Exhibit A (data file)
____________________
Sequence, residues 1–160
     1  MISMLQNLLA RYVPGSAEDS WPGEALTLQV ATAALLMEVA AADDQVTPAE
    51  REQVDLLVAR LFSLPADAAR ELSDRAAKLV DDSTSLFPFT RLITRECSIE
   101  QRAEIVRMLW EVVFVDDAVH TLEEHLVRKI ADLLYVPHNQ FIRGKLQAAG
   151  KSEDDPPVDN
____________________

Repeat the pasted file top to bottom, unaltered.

Sequence, residues 1–160
     1  MISMLQNLLA RYVPGSAEDS WPGEALTLQV ATAALLMEVA AADDQVTPAE
    51  REQVDLLVAR LFSLPADAAR ELSDRAAKLV DDSTSLFPFT RLITRECSIE
   101  QRAEIVRMLW EVVFVDDAVH TLEEHLVRKI ADLLYVPHNQ FIRGKLQAAG
   151  KSEDDPPVDN